The first ever bitcoin transaction occurred in 2009. Despite bitcoin’s meteoric rise in value since then, from 1 cent per coin in May 2010 to USD 17,900 per coin in December 2017, governments around the world have been extraordinarily slow to respond and implement regulatory regimes. In this three-part post, we look at “cryptocompliance” as an emerging focus of various international regulators in Asia, Europe, and the U.S.
Introducing the Problem
Not only are buyers vulnerable to the astonishing volatility of cryptocurrencies (just last month, the cryptocurrency markets dropped USD 9 billion overnight), but they have been left incredibly susceptible to criminals hacking cryptoexchanges, draining cryptowallets, and infecting computers with cryptocurrency-stealing malware. In late 2017, LexisNexis Risk Solutions Company ThreatMetrix cautioned that cryptocurrencies had become a “prime target for attacks on legitimate transactions.” Earlier this year, independent cryptocurrency news website Coinjournal estimated that an average of USD 9 million per day is being lost to “phishing” and other forms of cybercrime, particularly around Initial Coin Offerings (“ICOs”), which are fundraisings for new cryptocurrency projects. Still, the facts do not lie and it seems that buyers believe cryptocurrencies offer either a safe and secure medium for investment or are nonetheless worth the risk given the staggering returns that some have earned in days gone by. In fact, University of Cambridge estimates that there were 2.9 to 5.8 million unique users of cryptocurrency wallets in 2017, most of them acquiring bitcoin. This despite a vast majority of people not having a clue how the cryptocurrency-enabling blockchain technology actually works.
Admittedly, regulating this collaborative (“peer-to-peer”) and decentralized next-generation technology, which allows market participants to transfer assets across the internet without the need for a centralized third party, is no easy ask. However, authorities appear to have had enough, and there has been a major shift in 2018 towards the study and much-needed regulation of cryptocurrencies.
Japan the first to regulate exchanges; then conducts raids following cyberheist
Fueled by a desire to prevent the technology from assisting terrorist financing, Japan was the first country to regulate digital currency exchanges. After two years of deliberation, Japan amended its Payment Services Act (part of a suite of Banking Act-related legislation) in 2016 to require currency exchange operators to register with its Financial Services Agency (“FSA”), the governmental body that oversees financial activity in the country. Further, the revised legislation required digital currency exchanges to hold, at a minimum, liquid capital of JPY 10 million (USD 91,000) at all times, to implement certain measures to prevent loss or theft of funds or personal information, and to make certain mandatory disclosures to users.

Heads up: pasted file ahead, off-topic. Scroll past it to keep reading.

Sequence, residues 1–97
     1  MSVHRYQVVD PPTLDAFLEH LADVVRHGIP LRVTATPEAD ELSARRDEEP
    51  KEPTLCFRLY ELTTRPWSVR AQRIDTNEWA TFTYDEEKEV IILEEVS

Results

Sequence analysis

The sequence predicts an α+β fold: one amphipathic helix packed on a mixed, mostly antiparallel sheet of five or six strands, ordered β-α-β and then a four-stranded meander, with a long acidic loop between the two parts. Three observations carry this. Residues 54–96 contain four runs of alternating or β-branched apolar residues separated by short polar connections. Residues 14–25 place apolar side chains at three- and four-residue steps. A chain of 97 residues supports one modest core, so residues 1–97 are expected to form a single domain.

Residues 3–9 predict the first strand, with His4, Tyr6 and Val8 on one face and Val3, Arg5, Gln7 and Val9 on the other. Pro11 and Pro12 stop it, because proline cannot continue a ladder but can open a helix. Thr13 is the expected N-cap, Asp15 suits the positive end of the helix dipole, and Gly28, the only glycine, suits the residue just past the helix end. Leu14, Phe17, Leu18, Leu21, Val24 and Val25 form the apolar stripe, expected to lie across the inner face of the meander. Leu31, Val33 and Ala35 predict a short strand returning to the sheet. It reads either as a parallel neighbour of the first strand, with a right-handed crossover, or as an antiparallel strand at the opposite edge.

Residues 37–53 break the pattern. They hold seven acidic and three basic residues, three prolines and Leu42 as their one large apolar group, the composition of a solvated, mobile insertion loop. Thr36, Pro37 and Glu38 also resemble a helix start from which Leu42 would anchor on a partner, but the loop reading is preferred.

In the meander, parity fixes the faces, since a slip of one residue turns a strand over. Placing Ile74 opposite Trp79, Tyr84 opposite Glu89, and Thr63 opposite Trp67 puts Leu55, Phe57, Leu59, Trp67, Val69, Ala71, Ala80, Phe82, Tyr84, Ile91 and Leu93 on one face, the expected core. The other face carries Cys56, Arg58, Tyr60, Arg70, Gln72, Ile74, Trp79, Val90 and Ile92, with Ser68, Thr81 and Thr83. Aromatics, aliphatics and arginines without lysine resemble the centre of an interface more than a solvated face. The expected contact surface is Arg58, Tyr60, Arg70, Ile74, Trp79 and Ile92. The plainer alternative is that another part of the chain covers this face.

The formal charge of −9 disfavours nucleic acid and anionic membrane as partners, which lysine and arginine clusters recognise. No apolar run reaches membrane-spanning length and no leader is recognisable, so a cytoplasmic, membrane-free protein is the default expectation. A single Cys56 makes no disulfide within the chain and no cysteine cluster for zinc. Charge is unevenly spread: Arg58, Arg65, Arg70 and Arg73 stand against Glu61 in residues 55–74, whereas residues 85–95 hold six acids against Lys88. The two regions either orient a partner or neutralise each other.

Then in March of this year, Japan’s empowered regulators raided a number of digital currency exchanges in the first action of its kind around the world. The raids followed the world’s largest cyberheist to date, in January of this year, when USD 530 million worth of digital money was stolen from Tokyo-based Coincheck. The raids were conducted by the FSA because of a belief that the exchanges lacked the appropriate systems to prevent money laundering and terrorist financing, and in an effort to shore up consumer protection. The FSA levied a host of punishments following the raids. Two exchanges, which had failed to register with the FSA, were forced to suspend business altogether, while Coincheck was required to repay USD 430 million worth of digital money to investors who lost in the cyberheist.
Japan is still not satisfied. Widely recognized as the world’s largest cryptocurrency market with upwards of 60% of global trading volume, it is still looking to introduce solutions to protect investors. In April of this year, Japanese officials asked a government-led working group comprised of academics, bankers, and lawyers to consider regulating ICOs.
South Korean regulatory overhaul leads to ban on anonymous trading of cryptocurrencies
Commonly considered the world’s third-largest cryptocurrency market, South Korea’s approach towards cryptocurrencies has been unclear at times. Hot on the heels of the rumored criminalization of virtual currency exchanges in December 2017, a move which would have seen South Korea follow in China’s footsteps, Finance Minister Kim Dong-yeon announced in January of this year that the country would not ban or even “suppress” cryptocurrencies. However, also in January of this year, South Korea’s Financial Services Commission forbade local cryptocurrency traders from making deposits into cryptowallets unless those wallets are linked to bank accounts in the traders’ own names and their identities have been verified. This move should help prevent the South Korean market from being abused by money launderers and terrorist financers.
More recently, in March of this year, South Korea banned its own officials from holding and trading cryptocurrencies, which is the first time a government has imposed a virtual currency ban on public officials.